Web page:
Fireplaces, and especially the gas ones, usually seem like pretty simple devices. You just turn it on and enjoy the heat. But all the smoke and ash needs to go somewhere, and this is where the flue comes in. But should you have your flue open on your gas fireplace?
The flue of your gas fireplace should be open during and slightly after lighting your pilot light. An open flue ensures proper ventilation, which takes away many safety risks. If the ember bed is completely off, the flue can be closed to retain heat, but otherwise, it should be open.
There are several different scenarios in which your gas fireplace may have a certain type of flue, or in some cases may not even need one at all. This said, the majority of gas fireplaces will have a flue, out of necessity, so keep reading to become an expert on all things flue!
Should You Open The Flue On A Gas Fireplace?
Flues should always be kept open since they’re responsible for ventilating your fireplace. Closing the flue while lighting a fire will push all the smoke and fumes inside your home, so always keep it open, especially if you often light a fire.
The only exception to this is if you have ventless gas logs, which are specifically designed to burn gas cleanly with minimal exhaust.
Keeping your flue open at all times is definitely recommended, but we realize that always keeping your flue open is almost like a small hole in your roof. So, if you want to close your flue, that’s fine, but make sure all your embers are finished burning.
If there’s still something burning, it still produces smoke and fumes, and you don’t want those in your home. If all embers are done burning, though, it’s perfectly safe to close your flue.
Closing the flue will improve the heat retention, as there’s no airway to the outside anymore. This leads to both the heat from your home-heating system staying inside, as well as the heat still coming from your fireplace. Both will be capsulated inside your home, leading to a warmer room.
This also helps with saving money on heating expenses!
Another way to capture the heat inside the fireplace is by closing the doors of your fireplace. This way, you can leave the flue open, but the airway is still cut off.
While keeping your flue closed during periods of non-use will help retain heat, keeping your damper closed while your fireplace is in use will not help your gas logs emit more heat – gas fireplaces are more atmospheric than intended sources of heat.
Related article: Can A Flue Catch Fire?
What Is A Flue?
The flue is where the smoke escapes while a fire is burning, and inside the flue is the damper for your fireplace. In turn, the damper is the vent that controls the air movement in and out of your chimney.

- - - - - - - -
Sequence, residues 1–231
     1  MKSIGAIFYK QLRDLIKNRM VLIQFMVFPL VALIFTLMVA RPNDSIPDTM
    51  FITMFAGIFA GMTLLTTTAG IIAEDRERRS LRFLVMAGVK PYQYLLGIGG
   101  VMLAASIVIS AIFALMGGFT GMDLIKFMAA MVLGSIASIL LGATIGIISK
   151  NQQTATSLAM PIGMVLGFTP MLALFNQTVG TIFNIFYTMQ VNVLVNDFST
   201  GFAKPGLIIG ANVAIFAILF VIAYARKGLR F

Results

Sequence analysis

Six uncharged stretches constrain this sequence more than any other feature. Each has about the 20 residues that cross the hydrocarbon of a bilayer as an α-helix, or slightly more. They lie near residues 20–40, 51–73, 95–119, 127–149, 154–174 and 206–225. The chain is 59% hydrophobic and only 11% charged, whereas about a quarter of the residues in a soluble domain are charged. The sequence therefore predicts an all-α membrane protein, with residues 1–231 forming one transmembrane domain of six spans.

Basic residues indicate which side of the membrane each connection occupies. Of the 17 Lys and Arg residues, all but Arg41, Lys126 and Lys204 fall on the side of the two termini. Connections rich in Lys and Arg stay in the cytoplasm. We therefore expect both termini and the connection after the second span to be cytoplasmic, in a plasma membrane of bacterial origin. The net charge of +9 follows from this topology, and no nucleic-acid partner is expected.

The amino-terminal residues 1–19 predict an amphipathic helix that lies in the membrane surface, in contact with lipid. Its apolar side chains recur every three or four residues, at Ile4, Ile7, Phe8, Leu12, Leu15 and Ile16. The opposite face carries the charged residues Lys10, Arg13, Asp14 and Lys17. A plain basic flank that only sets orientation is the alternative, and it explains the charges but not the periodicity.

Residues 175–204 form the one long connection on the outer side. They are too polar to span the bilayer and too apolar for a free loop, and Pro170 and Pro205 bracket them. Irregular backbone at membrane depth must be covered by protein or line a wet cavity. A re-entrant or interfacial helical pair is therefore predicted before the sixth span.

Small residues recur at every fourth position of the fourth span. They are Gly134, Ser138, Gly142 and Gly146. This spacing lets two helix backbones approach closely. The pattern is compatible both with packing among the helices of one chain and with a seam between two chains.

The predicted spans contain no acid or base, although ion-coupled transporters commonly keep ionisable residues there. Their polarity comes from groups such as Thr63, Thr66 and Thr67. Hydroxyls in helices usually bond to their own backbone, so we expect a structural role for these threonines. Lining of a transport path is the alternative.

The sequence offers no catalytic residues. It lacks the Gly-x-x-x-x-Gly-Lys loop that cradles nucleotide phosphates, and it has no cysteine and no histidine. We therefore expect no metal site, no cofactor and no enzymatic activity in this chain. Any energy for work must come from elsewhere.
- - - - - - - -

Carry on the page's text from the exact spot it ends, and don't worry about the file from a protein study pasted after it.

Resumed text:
A flue is an important part, and usually, every fireplace/appliance has its own flue. It basically leads the smoke away from your home, into your chimney.
How Do You Open The Flue On A Gas Fireplace
Now that you know your flue needs to be open, you’re probably wondering how to even open it. But before we get into that, you should check whether or not your flue is already open or not. Here’s how to do that:
- Is there a draft? If the flue is open, and you place your hand above the fireplace, you should be able to feel a breeze from your chimney.
- What do you see? A bit more effort, but grab a flashlight and take a look up your chimney; if you see a barrier above you, the damper in your flue is closed. If you can see upwards, the flue is open.
- Is there smoke? A simple way to tell is by lighting your fireplace; if there is an unusual amount of smoke entering your house, your flue is closed and obstructing ventilation. If open, smoke will instead leave through the chimney. This should be done carefully though, preferably with a small fire, as you don’t want to smoke everyone out of the house.
Now you know if your flue is open or not, here is how to open it if necessary. There are several styles of flue fittings, so check to see which controls you have:
- Metal rod: This is a traditional damper, and the rod will have a push or lift function. Either way, push/ lift as far as you can to open the flue.
- Rotary knob: Turn the knob as far clockwise as you can to open.
- Metal chain: This is a top-mount flue, and you’ll want to pull down on the chain. If you pull down and the chain springs back up – the flue is already open.
Do All Gas Fireplaces Have A Flue?
Most gas fireplaces have a flue, as in most states, it’s a required fail-safe mechanism. Flues ventilate the fireplace, ensuring none of the smoke and fumes enter your home. Many models nowadays also contain a keep-open device that makes it so the flue never fully closes and always functions correctly.
There are several types of gas fireplaces, and you will definitely have a flue if you have either a direct or natural-vent gas fireplace.
- Direct vent gas fireplaces
These need a flue and damper system to function, allowing air to be vented between your fireplace and outside. This prevents waste air from mixing with the air you breathe.
- Natural vent gas fireplaces
These use chimneys as a method for drafting smoke outside and typically sit within masonry fireplaces. It’s standard for natural vents to always be open, thus not necessarily needing a damper inside the flue – however, if they do have a damper, they should always be left open inside the chimney.
The last scenario is that you have a ventless/ flueless/ vent-free gas fireplace, which by design is safe to operate indoors without the need for the ventilation provided by a flue.
This is because they burn gas so cleanly that there is no carbon monoxide, produced, and instead only carbon dioxide and water vapor. Sometimes an external air vent can be useful with these to ensure adequate oxygen levels. Ventless fireplaces are more versatile as can be placed anywhere in the house, without the need for the flue.